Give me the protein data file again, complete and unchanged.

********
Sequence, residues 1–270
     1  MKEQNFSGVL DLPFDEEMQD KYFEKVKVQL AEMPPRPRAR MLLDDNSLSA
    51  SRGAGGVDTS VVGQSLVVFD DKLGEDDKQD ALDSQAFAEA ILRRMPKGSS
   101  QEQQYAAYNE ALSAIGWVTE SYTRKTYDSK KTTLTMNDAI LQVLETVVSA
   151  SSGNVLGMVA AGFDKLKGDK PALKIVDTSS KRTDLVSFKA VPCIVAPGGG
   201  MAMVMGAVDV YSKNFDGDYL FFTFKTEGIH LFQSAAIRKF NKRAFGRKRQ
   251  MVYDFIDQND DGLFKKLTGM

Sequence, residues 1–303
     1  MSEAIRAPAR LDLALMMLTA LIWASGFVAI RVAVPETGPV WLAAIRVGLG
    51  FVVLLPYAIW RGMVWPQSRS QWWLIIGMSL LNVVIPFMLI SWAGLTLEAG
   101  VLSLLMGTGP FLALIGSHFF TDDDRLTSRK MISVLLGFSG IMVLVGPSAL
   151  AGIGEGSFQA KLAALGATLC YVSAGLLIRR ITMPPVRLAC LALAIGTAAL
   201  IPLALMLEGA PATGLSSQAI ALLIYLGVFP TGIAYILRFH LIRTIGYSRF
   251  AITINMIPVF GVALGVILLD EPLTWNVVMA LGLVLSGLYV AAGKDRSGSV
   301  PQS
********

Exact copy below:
Sequence, residues 1–270
     1  MKEQNFSGVL DLPFDEEMQD KYFEKVKVQL AEMPPRPRAR MLLDDNSLSA
    51  SRGAGGVDTS VVGQSLVVFD DKLGEDDKQD ALDSQAFAEA ILRRMPKGSS
   101  QEQQYAAYNE ALSAIGWVTE SYTRKTYDSK KTTLTMNDAI LQVLETVVSA
   151  SSGNVLGMVA AGFDKLKGDK PALKIVDTSS KRTDLVSFKA VPCIVAPGGG
   201  MAMVMGAVDV YSKNFDGDYL FFTFKTEGIH LFQSAAIRKF NKRAFGRKRQ
   251  MVYDFIDQND DGLFKKLTGM

Sequence, residues 1–303
     1  MSEAIRAPAR LDLALMMLTA LIWASGFVAI RVAVPETGPV WLAAIRVGLG
    51  FVVLLPYAIW RGMVWPQSRS QWWLIIGMSL LNVVIPFMLI SWAGLTLEAG
   101  VLSLLMGTGP FLALIGSHFF TDDDRLTSRK MISVLLGFSG IMVLVGPSAL
   151  AGIGEGSFQA KLAALGATLC YVSAGLLIRR ITMPPVRLAC LALAIGTAAL
   201  IPLALMLEGA PATGLSSQAI ALLIYLGVFP TGIAYILRFH LIRTIGYSRF
   251  AITINMIPVF GVALGVILLD EPLTWNVVMA LGLVLSGLYV AAGKDRSGSV
   301  PQS